This scenario is all too common, but extends to a much more dangerous manoeuvre. The people you’re reversing out of the space towards are likely going rather slowly in the car park, so they have time to react. What about if you’re reversing out of your driveway? You’re not only having to reverse out over a pavement, hoping and praying there’s no child on a bicycle whizzing by, but you also have to contend with much faster traffic than if you were in a car park.
Hopefully, you can see what I’m getting at here. It is nearly always safer to reverse in to drive out of a space (or driveway), so you have the maximum visibility available and can react much better to any hazards. If that’s not enough, it’s also much easier to just drive out (vehicles are much more manoeuvrable in reverse therefore you want that going in). It’s a faster process overall to reverse in and, here’s the icing on the cake…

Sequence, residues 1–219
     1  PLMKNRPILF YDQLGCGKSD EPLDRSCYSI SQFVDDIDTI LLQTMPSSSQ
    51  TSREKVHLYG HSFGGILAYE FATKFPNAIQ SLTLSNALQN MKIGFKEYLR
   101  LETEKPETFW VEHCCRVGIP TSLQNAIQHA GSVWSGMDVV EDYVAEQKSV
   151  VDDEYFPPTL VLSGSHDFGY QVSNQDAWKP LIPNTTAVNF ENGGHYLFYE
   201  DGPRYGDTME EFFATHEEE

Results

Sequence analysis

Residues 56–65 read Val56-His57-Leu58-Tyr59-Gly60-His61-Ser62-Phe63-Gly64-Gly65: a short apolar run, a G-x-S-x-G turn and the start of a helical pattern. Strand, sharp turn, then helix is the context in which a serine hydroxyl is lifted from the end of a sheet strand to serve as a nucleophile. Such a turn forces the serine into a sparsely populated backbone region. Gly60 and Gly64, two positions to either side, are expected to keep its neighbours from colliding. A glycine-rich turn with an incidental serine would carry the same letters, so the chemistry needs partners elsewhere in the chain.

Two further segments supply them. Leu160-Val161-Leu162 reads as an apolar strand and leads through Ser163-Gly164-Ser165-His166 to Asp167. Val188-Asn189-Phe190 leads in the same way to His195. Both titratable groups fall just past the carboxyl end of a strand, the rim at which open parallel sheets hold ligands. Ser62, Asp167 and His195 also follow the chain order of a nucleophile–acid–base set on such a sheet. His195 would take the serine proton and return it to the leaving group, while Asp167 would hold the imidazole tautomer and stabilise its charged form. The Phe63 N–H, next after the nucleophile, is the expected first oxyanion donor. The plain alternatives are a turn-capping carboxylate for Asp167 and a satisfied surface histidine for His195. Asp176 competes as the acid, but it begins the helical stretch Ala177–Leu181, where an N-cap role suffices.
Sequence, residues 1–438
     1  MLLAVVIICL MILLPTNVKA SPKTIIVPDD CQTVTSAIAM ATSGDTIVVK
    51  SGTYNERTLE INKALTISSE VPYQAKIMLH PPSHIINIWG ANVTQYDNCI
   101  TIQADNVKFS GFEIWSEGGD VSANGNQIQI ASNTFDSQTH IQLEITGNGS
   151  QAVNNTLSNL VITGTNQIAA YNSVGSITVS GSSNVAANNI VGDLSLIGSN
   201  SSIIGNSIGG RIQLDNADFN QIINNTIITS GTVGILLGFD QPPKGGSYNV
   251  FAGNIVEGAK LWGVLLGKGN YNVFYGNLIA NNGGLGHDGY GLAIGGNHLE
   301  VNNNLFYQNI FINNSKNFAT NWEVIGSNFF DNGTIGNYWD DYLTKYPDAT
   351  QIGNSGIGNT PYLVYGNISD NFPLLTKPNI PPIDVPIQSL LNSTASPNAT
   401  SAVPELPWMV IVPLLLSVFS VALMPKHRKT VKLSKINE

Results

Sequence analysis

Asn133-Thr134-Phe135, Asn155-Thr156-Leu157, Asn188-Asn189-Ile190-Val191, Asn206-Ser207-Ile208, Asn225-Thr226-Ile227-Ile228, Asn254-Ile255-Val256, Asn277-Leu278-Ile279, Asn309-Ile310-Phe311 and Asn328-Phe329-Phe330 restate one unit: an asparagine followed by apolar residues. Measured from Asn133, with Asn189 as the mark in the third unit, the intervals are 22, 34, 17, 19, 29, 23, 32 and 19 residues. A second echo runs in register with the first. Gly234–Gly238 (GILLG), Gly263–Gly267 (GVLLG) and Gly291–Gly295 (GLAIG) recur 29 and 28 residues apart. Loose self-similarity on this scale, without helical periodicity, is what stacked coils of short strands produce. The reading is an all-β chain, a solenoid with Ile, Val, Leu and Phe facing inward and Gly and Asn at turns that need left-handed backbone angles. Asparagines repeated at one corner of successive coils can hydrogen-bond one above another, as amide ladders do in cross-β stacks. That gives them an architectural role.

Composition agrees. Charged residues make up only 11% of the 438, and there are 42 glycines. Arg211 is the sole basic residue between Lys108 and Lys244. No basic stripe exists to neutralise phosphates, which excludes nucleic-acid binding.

Imagine the relief in the mornings when you get into your car to go to work and can just drive away rather than starting your mornings by craning your neck, getting stressed and hoping for a big enough gap in the traffic for you to reverse out into and then drive away from. Reverse in, and you can start your day by going forward, not backwards.
That was a long one, sorry! Thanks again to Isabel for her comments on this article. I’d love to hear all your thoughts on this article; parking is always a hot topic. I have much more to talk about on this topic, so it will definitely be revisited in future. Feel free to discuss in the comments section. As usual, if you have any ideas or topics that you would like to see me talk about, get asking.